The INVITE is then sent on to Phone B, which will send media packets to address 18.104.22.168/2020, per the contents of the INVITE. The media packets will travel to address 22.214.171.124, which will, assuming correct network configuration, cause it to arrive at NAT B, where it will be translated to 10.10.10.10/1010, and thence to NAT A. NAT A will translate it to 126.96.36.199/1111, and send it on to Phone A.
Exactly the same set of operations, though resulting in different addresses, will apply to the OK coming back from Phone B, but in the opposite direction. First the Egress Proxy Server will ask NAT B for an address by which things inside the transit network may reach Phone B (at 188.8.131.52/2222). Perhaps NAT B will return the address 184.108.40.206/4040. The OK message will be re-written by the Egress Proxy Server to indicate this, and be sent on to the Ingress Proxy Server. This Proxy Server will ask NAT A for an address by which things outside (say, Phone A) may reach address 220.127.116.11/4040. NAT A might return the address 18.104.22.168/5050. The OK will be re-written again to indicate this, and be sent on to Phone A, which will then send all its media packets to address 22.214.171.124/5050.
The upshot is that Phone B sends its media packets to 126.96.36.199/2020, and Phone A will send its media packets to 188.8.131.52/5050, and all the addresses eventually get translated so that the media packets arrive at the right place at the end of the day.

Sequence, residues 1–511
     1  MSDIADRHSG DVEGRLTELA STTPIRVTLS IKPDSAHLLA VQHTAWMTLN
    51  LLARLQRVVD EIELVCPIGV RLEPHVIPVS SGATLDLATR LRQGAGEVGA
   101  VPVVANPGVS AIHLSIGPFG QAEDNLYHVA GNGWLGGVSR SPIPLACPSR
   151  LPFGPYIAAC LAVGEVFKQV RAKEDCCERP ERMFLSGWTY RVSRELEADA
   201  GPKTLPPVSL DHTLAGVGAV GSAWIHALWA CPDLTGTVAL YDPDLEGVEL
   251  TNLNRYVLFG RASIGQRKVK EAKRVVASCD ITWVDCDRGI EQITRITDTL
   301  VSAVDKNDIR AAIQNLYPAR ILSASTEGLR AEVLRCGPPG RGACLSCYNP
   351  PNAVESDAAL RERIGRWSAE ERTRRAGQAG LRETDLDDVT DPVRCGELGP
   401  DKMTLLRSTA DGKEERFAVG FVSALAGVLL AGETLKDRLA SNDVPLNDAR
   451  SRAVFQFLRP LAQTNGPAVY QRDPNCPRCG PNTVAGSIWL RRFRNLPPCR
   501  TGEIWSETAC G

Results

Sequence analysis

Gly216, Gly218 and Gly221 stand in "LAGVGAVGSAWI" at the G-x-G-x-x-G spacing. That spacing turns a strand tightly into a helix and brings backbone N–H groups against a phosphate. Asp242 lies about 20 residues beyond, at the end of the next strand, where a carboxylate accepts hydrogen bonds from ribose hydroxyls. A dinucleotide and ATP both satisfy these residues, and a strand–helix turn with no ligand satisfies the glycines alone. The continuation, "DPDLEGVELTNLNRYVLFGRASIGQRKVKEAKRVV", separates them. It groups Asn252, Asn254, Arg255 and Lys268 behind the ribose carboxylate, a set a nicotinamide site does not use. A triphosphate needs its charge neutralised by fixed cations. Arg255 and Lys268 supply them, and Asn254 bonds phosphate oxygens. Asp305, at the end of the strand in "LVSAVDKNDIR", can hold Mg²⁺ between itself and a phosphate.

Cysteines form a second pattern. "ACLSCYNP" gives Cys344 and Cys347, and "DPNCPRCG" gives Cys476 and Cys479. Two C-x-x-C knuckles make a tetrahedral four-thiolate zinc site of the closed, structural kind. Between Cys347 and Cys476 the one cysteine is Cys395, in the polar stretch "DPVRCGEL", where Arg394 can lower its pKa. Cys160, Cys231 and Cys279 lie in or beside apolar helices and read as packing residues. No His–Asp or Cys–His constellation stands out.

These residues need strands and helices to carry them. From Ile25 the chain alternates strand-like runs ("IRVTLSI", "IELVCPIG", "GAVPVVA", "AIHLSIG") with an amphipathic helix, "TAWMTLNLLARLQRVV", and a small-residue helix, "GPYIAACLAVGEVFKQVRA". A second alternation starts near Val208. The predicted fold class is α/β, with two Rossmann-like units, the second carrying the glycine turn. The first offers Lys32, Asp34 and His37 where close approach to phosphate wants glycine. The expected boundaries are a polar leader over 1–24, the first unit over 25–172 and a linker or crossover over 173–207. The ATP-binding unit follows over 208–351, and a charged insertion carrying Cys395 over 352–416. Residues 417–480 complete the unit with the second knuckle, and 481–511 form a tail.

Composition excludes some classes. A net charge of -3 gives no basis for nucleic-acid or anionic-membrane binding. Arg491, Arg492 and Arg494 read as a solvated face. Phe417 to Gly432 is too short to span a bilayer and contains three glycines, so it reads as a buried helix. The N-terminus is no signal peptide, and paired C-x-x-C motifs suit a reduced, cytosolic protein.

The advantages of doing this are that IP addresses such as 184.108.40.206 and 220.127.116.11 can be forced by applications that the ability to control a NAT and selected to be addresses that belong to the transit network itself, guaranteeing that the packet from the two phones arrive at suitable ingress points to the transit network itself, guaranteeing that the transit network actually handles the media data, and furthermore guaranteeing the ingress point for each media stream. Without this, there is no way the transit network has a priori control over how the media packets get from one of the phones to the other.
It will be readily apparent to those skilled in the art that innumerable variations, modification, applications, and extensions of these embodiments and principles can he made without departing form the principles and spirit of the invention. Accordingly, it is intended that the scope of the invention be only limited as necessitated by the accompanying claims.
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|1||NAT Working Group, Internet Draft (Informational), P. Srisuresh, Campio Communications, Jul. 2000.|
|Clasificación de EE.UU.||370/401, 726/3, 370/466, 370/492|
|Clasificación internacional||H04L29/08, H04L12/28, H04L12/46, H04L29/12|
|Clasificación cooperativa||H04L29/12509, H04L61/2567, H04L67/104, H04L61/2575, H04L61/2557, H04L29/12481, H04L29/12009, H04L29/12528|
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Owner name: ALCATEL-LUCENT USA INC., NEW JERSEY